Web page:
Throughout the Hurricane season from April to November, work was done on our solar and fresh water systems, the showers and composting toilets, and the living accommodations for both students and staff. Our gardens were more established and productive than in previous years, supplying fresh vegetables for meals in the galley. Solar energy for electricity was more reliable and continuous, almost eliminating the need for our small back-up generator. The outdoor brick oven was completed allowing for delicious wood-fire baked breads and pizza to be enjoyed by all.
After the student season ended in mid-October, Sam and Oakley began a clearing project, taking down trees that threatened the galley end of the Mess Hall (Countway Building) and opening up the old bank foundation with its new brick oven. The slash pile at the south end has grown larger over the past months of clearing and demolition and will be burned this winter. Oakley moved the carved granite cornice honoring Mike “Strats” Stratton to higher ground after winter seas had tipped it and damaged its base.
A number of significant projects remain with work planned on some of the cabins, the Weiler-Lewis Boathouse roof, Phase 2 of the Shower House, the solar and electrical systems, and the Mess Hall. We need to put a new energy-efficient engine in 5thGeneration, our Banks Cove work boat, upgrade our communications systems, and make much-needed improvements to our fresh water pumping capability. Another priority is mattresses for the cabins and tents, and furniture for gathering and meeting spaces in all of our buildings.
Valley Cove, too, is a central piece of our Master Plan for the island that is awaiting attention and will some day be the location of our marine research station and dive locker. It is a wonderful site with the best landing and anchorage potential on the island, even though the pier and building need significant updating and renovation to make that a reality. We are already envisioning the features and layout of the new facility and I am looking forward to seeing the old Bosun's Locker from the Outward Bound days restored to its former glory. Work on Valley Cove is still a future endeavor but one that is slowly gaining more traction and planning and you will certainly hear about it in future Island Updates.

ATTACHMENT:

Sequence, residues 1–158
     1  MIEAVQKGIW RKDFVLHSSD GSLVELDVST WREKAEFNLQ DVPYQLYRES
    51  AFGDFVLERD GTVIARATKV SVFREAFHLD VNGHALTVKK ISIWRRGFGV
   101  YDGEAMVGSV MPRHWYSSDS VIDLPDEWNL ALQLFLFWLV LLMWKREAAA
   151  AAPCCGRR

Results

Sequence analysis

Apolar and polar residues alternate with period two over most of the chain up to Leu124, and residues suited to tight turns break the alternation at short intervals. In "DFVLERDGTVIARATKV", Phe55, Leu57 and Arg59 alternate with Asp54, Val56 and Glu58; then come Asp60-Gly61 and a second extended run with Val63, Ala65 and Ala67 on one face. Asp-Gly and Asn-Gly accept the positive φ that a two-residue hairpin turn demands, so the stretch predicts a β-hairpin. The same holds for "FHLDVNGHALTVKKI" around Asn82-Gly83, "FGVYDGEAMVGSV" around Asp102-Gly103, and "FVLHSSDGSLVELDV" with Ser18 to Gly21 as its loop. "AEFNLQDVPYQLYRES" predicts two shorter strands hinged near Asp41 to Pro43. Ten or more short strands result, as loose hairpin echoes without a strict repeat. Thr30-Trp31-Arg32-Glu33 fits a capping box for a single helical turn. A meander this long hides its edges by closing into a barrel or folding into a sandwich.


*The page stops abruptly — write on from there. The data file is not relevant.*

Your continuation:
Hurricane Island is entering a new and critically important era in its existence. At a time when climate change is challenging us all, science literacy in this country is woefully inadequate and in decline. Hurricane stands at the confluence of the Penobscot River watershed and the Gulf of Maine – the so-called Gulf of Maine Gyre – perfectly positioned for the monitoring and study of ocean and atmospheric warming, acidification, sea level rise, and species changes and adaptation. We have many goals…to reverse the decline in science literacy and participation in science classes; to engage and excite students in science at all levels including field monitoring and research, college majors, careers in science, and citizen science; to inspire participants to be the next generation of environmental stewards and active advocates for the environment; to be a collaborator and leader in the network of field research stations in the Gulf of Maine; to be the change we want to see in the world, and to make a positive difference for our future. We want people to know about us and our important work, we want students of all ages to come to Hurricane and participate in our programs, and we want people to visit Hurricane to see and be inspired by our community and what we’re doing to change the world for the better.